Imagine the following scenario. Third down and ten, left hash, ball on the thirty-five yard line heading out. Fourth quarter and the visiting team is behind by two points with less than a minute to go, no timeouts. The offense employs a four receiver set with “Trips” right and a split receiver to the left. Three of the four wideouts on the field are veterans with over three years to their credit, and the fourth is a rookie working off his 5th round contract signed earlier during the offseason.
Split second decisions
The quarterback aligns from “shotgun”, takes the snap and rolls right to the “Trips” side. The outside receiver takes off on a “GO” route versus man coverage and the defensive corner is in close tow on his inside hip. The first slot receiver split out right pushes his coverage upfield in a full sprint, then sinks his hips, bends his knees, and throttles down at twelve yards. He plants his inside foot, quickly throws his outside arm behind him and flips his hips around inside/out to separate from the defender. It’s textbook technique as he quickly catches sight of the first down marker and bursts off his plant foot towards the sideline.
On a full sprint to his right (with the defensive end in hot pursuit) the quarterback senses a smidgen of distance split between his receiver and the defender as both races towards the orange yardstick. Knowing he has to place the ball far enough away from the defender but within radius of the receiver, the QB throws high and away from both players running to the point.
The receiver feels the ball sailing high and explodes off his last step leaping almost three feet above the field. He reaches high over head and extends his 34 ½ inch arms towards the spiraling ball. The defender has anticipated the break & without hesitation planted his inside foot and exploded out of his pedal, back towards the receiver breaking to the sideline. He lacks the body length to get to the ball but knows if he times his own leap just right that he might be able rattle the receiver at the point and breakup the would be first down reception.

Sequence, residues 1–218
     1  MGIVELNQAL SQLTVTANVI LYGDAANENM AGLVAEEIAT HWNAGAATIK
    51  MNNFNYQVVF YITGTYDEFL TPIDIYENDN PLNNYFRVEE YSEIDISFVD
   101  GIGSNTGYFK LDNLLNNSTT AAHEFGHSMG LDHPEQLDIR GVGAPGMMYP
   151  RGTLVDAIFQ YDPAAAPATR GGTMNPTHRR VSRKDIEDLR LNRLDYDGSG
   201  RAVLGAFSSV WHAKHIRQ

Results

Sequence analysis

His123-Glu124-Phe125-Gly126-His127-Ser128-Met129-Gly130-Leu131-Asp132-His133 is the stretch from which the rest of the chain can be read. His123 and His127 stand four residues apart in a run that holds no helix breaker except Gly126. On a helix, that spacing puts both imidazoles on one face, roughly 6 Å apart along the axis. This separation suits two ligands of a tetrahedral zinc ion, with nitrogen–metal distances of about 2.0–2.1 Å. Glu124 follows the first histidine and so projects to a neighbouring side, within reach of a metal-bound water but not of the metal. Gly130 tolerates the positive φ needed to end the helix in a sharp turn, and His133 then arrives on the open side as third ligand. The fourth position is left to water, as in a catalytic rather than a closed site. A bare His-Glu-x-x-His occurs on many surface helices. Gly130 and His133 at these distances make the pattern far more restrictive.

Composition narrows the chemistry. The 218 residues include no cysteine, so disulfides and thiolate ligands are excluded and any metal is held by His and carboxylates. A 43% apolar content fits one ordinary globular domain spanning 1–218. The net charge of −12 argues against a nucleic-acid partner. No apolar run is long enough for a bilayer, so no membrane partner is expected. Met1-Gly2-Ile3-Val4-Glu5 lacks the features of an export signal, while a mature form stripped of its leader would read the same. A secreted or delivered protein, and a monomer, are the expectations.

The wideout times his jump perfectly and reaches out to grasp the backend of the ball as it whizzes overhead. He makes the catch then instinctively drops his center of gravity downward to drag his feet along the ground. One toe immediately hits inbounds, black rubber pellets popping up underneath from the field turf. The second foot is going to be questionable as he tries to shift his weight in mid-flight to square his body to the sideline. The second toe barely drags down but just enough to catch green before the white indication of the boundary.
Simultaneously the defender jumps but isn’t cognizant of getting two feet inbounds, rather to extend as far as possible into the path of the ball and or the receiver. His body lays out flat and falls squarely on the back of his opponent’s locked out legs. In a split second the receiver catches ball, comes down with two feet inbounds, converts the first down, and the defender crashes down on the back of his right leg….instantly snapping both his tibia & fibula.
The offense converts off a spectacular catch and kicks the game winning field goal with no time left. The hero lies on a stretcher off of the sideline, paramedics applying the inflatable cast to stabilize his leg injury, as his teammates both rush the field and rush to console their fallen comrade.
Veteran or rookie receiver? Does it really matter? After this sensational season saving catch, should it really matter?
Give me your answer via Twitter @Ted_Sundquist. Perhaps it will.